John Lennon, murdered 40 years ago today, was the easiest Beatle to talk to
It has become customary for people of a certain age to claim that the Sixties passed them by. After all, we were not accustomed to thinking in decades, we had passed through the Fifties without the aid of an adjective, and if things now began to brighten up a little, well, it was about time.
I was working as a professional actor, the ink having dried in my pen, and was recruited by Ned Sherrin for one of his TV satire shows that were so mysteriously popular at the time. (My mother considered David Frost possessed by the Devil.)
This meant three days a week at the BBC TV Centre, and across from our studio, four boys in pudding-basin haircuts called The Beatles were also rehearsing. They drifted into our studio, I drifted into theirs, and what was striking was their easy confidence, which I had previously associated with aristocratic thugs, the kind who brayed to the sound of breaking glass. Their confidence was less cruel, more humorous, but as assured, and they weren’t aristocrats. Perhaps the pack-ice of class was breaking up?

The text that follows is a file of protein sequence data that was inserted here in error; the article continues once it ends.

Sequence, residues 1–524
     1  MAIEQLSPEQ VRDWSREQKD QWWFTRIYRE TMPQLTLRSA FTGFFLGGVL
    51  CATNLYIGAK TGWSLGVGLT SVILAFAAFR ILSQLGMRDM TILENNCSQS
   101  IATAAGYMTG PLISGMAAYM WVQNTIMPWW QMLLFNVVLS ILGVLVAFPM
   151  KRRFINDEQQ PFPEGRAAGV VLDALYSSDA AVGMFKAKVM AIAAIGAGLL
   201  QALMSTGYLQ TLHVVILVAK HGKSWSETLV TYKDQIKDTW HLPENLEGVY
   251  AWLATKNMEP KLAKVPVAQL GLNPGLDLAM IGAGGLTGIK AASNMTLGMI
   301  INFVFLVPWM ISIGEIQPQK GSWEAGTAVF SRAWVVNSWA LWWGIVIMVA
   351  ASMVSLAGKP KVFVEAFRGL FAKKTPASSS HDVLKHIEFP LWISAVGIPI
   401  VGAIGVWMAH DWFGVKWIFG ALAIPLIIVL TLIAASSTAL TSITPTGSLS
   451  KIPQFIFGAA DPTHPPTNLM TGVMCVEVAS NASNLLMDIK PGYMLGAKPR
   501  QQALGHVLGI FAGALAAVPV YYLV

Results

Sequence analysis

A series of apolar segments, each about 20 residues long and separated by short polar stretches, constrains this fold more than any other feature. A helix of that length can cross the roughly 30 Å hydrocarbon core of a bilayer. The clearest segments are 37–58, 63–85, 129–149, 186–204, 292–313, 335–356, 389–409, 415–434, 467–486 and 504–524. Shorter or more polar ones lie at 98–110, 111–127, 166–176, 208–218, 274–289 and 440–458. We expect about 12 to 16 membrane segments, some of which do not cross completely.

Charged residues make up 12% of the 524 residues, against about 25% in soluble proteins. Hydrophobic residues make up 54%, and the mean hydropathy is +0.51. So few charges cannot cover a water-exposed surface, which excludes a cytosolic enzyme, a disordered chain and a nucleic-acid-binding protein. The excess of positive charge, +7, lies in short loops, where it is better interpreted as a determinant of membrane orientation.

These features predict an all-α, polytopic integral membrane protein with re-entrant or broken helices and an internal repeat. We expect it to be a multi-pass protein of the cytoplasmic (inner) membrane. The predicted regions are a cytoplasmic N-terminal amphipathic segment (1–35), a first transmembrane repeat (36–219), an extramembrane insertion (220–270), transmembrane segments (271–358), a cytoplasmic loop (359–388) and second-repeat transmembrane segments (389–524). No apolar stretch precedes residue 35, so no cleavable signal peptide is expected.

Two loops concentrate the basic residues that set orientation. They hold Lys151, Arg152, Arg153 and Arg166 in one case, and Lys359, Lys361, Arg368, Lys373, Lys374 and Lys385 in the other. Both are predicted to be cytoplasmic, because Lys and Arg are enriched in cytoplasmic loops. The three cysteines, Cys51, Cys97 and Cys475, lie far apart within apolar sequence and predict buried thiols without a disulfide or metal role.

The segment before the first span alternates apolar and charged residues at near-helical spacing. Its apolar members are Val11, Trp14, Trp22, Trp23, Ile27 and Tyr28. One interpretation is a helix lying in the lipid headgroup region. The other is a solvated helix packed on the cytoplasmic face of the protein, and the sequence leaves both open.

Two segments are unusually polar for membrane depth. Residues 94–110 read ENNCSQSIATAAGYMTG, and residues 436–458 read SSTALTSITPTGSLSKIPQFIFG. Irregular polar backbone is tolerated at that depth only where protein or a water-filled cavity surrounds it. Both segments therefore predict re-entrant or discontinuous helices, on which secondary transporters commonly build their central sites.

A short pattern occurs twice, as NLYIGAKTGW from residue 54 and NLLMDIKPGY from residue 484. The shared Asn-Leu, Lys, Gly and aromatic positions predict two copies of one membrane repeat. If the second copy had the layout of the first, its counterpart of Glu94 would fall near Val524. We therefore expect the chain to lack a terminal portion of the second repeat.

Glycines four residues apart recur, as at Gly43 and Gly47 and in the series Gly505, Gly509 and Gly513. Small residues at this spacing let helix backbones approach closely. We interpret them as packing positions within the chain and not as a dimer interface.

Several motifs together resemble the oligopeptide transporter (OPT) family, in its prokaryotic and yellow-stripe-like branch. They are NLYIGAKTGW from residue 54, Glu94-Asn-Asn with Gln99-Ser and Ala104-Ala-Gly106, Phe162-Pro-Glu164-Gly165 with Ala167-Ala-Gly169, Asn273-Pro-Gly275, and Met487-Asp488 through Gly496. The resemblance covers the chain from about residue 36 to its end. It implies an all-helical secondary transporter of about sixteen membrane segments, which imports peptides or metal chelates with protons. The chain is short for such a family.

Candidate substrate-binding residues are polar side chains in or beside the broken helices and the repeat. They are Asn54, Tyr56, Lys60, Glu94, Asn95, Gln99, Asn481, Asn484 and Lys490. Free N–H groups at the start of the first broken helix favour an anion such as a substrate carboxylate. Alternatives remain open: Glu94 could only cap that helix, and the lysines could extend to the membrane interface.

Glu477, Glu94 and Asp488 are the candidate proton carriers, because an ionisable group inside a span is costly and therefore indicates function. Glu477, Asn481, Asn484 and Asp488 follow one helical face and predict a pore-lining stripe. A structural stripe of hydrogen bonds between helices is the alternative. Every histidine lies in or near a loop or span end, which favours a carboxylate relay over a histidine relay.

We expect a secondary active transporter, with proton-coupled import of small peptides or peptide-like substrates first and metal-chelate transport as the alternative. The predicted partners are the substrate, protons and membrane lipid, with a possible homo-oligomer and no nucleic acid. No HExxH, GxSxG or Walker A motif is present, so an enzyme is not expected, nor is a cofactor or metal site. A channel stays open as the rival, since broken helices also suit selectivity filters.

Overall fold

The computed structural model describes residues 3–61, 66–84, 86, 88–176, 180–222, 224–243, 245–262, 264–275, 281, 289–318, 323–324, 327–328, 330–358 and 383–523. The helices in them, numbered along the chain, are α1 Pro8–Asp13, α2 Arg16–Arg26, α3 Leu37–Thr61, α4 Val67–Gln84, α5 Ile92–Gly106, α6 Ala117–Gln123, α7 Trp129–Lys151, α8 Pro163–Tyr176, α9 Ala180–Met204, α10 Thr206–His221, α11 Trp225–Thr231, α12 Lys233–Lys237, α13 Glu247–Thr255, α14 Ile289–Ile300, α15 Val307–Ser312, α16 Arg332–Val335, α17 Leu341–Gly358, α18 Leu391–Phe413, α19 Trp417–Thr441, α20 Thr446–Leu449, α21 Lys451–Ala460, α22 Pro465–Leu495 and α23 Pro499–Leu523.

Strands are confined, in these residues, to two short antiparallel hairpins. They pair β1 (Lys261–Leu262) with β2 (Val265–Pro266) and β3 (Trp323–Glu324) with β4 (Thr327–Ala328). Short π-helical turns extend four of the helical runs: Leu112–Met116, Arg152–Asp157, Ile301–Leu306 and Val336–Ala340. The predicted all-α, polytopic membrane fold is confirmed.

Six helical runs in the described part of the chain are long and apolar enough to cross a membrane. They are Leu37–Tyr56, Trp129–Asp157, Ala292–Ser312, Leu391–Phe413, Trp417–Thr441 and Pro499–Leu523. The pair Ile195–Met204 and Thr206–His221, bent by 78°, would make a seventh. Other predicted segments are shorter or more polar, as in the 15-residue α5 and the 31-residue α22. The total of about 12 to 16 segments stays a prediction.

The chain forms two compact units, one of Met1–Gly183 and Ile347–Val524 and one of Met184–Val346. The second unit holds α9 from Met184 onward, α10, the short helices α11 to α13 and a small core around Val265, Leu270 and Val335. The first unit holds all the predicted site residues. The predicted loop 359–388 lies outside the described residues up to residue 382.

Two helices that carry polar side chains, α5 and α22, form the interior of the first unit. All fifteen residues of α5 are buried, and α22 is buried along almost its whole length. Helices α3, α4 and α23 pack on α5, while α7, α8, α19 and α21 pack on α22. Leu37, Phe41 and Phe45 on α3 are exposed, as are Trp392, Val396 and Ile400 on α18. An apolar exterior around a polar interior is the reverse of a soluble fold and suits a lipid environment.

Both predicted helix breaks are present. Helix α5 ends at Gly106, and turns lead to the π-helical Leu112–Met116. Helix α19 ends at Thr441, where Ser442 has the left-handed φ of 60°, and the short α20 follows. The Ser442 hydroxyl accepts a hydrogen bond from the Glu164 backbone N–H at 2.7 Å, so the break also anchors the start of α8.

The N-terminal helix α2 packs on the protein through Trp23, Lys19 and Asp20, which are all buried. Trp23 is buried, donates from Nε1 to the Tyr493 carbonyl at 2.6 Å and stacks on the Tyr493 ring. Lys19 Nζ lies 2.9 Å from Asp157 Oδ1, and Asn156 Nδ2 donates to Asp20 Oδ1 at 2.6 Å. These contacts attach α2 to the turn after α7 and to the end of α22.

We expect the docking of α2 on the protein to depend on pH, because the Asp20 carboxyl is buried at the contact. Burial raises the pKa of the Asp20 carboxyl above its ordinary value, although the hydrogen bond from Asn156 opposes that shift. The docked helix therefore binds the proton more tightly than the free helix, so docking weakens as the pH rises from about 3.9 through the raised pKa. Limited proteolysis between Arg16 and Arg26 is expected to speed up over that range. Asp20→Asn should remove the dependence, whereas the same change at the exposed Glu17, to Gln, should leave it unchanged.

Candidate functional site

John Lennon was the easiest to talk to, he had a surreal sense of words, (‘A Spaniard in the works’), but I only realised how famous they were when I was caught up in an audience, which screamed throughout.
Then I was in a Beatles film, feeling and looking an idiot in a Restoration wig and costume. Dressed thus, I was required to call out ‘Fab gear!’ to the Beatles as they ran past. The director wanted this accom-panied by an elaborately effeminate ges-ture which I was desperately unwilling to make. Even then there were those of us who objected to such guying. Yet I was trying to be a professional actor. The scene was shot again and again until Lennon stopped and asked what was up. The director despairingly explained and Lennon became grave, ‘Oh no, we don’t want that. It’s cruel.’ I was off the hook. These were the new lords of the world, and it looked as though it might become a better one.